Freecall Infoline

1800 644 189


Eating out over summer

Dec. 13, 2022

Eating at an unfamiliar location may be difficult for people living with Parkinson’s and Atypical Parkinson’s, particularly for those with more advanced symptoms.

Long summer days can offer a myriad of opportunities to socialise as people come together to celebrate family, friends and faith. It’s also a popular time to attend festivals and events which means you may find yourself away from home and unacquainted with local restaurants and cafes.

For some people, anxiety over eating at an unfamiliar location can exacerbate Parkinson's symptoms, so thinking and planning ahead can help to create a more relaxed meal experience.

Location and environment

The layout and environment of a restaurant or café may significantly impact your comfort, mobility and enjoyment of the dining experience.

You can call the restaurant or café beforehand (or ask a family member or friend to do so on your behalf) to ask about:


Is there easy access to the entrance and amenities? Are there steps to navigate? Is there sufficient circulation space between tables? Is the venue wheelchair or walker friendly?


Is there good space to easily sit down? Are chairs with arms available?


Is the venue noisy, crowded and distracting? Is it easy to be heard and does it allow you to concentrate easily when eating and drinking? Is there a quieter table available in the restaurant or café?


Is the venue’s location easy to access by car or public transport? Is parking available close-by? Will you have to walk far or over uneven surfaces?


Can you view the menu online to familiarise yourself with what options are available and plan your selection?

Swallowing safety

Parkinson’s and Atypical Parkinson’s can affect your ability to chew and swallow. Some people may have strategies for effective and safe eating and drinking. Be sure to implement these and be clear on what types of drinks or food textures are safe and comfortable for you.

If you’ve been recommended to have drinks that are thicker, special thickeners are available and easy to use in your water, coffee, or any beverage.

You'll find most restaurants will be happy to help, so don’t hesitate to bring your own modified cutlery and utensils if necessary. Also take the following into consideration:

• Foods that are hard, dry, sticky, crumbly, flaky and/or stringy can be challenging for some people. They may take longer or be more fatiguing to eat. Softer, moist foods can be less demanding, making them easier to chew effectively and swallow safely.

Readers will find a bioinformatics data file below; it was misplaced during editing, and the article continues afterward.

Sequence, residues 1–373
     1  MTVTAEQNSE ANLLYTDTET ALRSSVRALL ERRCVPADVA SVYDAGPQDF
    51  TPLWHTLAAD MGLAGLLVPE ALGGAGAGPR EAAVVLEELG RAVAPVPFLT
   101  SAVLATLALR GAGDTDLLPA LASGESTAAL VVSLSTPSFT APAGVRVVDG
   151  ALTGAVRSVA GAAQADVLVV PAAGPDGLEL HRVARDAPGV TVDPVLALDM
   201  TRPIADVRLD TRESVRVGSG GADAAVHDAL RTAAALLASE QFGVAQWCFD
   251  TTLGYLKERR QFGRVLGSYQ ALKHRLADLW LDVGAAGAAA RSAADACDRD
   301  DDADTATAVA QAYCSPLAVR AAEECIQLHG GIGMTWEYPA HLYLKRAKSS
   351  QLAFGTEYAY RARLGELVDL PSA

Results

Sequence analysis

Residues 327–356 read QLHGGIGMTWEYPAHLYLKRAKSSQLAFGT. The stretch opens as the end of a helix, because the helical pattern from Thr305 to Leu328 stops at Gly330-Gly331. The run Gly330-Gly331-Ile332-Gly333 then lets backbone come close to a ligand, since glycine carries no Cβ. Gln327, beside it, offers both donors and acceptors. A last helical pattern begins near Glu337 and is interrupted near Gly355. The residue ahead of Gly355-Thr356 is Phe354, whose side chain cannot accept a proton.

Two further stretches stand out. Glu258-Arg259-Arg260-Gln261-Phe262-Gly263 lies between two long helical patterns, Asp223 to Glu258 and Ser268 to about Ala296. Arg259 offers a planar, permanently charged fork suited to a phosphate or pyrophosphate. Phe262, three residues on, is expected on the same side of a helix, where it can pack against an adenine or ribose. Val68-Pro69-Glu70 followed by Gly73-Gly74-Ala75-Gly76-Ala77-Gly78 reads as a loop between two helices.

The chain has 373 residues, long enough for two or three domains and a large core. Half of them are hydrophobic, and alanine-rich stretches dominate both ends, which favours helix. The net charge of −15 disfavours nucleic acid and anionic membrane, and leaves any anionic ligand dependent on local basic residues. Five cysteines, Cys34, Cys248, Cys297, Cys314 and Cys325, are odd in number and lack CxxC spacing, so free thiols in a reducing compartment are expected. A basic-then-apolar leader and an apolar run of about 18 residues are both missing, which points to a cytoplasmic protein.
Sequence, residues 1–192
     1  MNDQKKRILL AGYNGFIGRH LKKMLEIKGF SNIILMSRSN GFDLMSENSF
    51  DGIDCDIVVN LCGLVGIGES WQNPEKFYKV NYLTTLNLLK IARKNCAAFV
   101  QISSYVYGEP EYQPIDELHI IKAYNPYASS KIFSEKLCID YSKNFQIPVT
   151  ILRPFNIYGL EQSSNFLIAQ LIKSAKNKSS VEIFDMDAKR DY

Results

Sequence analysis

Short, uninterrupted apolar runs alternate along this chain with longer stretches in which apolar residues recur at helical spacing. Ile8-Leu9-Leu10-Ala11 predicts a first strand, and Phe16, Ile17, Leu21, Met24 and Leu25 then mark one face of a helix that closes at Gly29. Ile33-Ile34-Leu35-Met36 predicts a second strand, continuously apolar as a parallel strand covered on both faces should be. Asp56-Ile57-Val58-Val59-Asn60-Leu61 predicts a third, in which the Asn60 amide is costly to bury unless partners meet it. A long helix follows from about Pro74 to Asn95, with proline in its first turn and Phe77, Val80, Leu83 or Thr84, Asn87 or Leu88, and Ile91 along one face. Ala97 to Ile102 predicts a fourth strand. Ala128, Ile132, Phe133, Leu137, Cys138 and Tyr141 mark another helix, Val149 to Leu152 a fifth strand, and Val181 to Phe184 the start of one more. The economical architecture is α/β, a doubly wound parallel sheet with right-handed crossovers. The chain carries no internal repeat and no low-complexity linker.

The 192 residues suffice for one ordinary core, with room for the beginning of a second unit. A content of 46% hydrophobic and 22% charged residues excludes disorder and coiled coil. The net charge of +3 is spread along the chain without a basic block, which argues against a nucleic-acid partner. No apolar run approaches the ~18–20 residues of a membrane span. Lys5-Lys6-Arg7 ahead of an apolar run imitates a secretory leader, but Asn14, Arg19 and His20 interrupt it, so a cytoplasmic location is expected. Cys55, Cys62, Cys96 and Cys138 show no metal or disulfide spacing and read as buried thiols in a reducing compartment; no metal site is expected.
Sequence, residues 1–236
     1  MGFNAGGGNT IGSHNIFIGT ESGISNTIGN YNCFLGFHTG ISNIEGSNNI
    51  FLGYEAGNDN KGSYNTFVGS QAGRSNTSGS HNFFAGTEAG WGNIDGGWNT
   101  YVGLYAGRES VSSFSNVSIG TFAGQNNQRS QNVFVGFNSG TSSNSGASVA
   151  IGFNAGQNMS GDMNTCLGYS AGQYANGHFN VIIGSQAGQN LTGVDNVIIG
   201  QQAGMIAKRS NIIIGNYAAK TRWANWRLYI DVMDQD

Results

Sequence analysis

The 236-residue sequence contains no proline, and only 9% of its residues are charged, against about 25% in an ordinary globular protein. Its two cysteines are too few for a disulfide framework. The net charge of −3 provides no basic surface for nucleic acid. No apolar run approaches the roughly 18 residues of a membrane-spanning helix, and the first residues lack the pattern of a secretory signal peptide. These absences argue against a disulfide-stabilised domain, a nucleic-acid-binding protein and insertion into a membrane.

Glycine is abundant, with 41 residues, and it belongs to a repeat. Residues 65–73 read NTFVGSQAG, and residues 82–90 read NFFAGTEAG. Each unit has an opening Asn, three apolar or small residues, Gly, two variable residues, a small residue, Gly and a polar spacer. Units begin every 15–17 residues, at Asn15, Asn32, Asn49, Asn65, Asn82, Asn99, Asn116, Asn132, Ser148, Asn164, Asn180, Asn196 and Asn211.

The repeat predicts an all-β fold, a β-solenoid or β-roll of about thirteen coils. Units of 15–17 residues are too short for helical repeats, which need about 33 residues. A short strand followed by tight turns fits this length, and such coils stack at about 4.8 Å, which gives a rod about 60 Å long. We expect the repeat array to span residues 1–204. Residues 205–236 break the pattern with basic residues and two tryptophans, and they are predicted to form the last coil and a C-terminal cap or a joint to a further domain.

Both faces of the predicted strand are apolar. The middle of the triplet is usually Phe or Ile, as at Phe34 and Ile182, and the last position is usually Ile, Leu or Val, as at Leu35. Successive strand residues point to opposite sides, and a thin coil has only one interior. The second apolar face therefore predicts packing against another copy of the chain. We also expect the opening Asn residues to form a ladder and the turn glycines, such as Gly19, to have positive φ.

• Avoid rushing to keep up with others. Take small sips and cut up food into smaller pieces to make it easier to manipulate in your mouth. Sometimes asking to be served first or ordering an entrée instead of a main can help if it takes you a longer time to finish a meal.

• Avoid distractions or talking at the same time as eating. Parkinson’s affects automatic movements such as eating, drinking and swallowing. When your attention is focused on conversation or a distraction your swallowing skills may be compromised.

• If you require texture modified foods or drinks, ensure you’re well prepared. Know what consistencies or textures you can have. If you have been recommended to have “Easy to Chew” food, choose something from the menu that meets this description such as a risotto. Or if you are on pureed food, opt for menu options such as a pumpkin soup. You may find the restaurant can modify the dish to be softer, minced or even pureed.

If you have any concerns about eating or drinking, you should see a Speech Pathologist for assessment and advice on swallowing management specific to your individual needs.

Further general information, including speech pathologists who work with people with Parkinson’s and Atypical Parkinson’s, is available via our health information line, 1800 644 189.

* This article was first published in the Summer 22-23 edition of Fight Parkinson's member magazine, InMotion. This quarterly magazine is full of information to help you live well with Parkinson's. You will not be alone as you read personal stories of the Parkinson's journey and get to learn more about the leading health professionals and researchers working in the field. Become a Fight Parkinson's member to start receiving InMotion now.


Back to all articles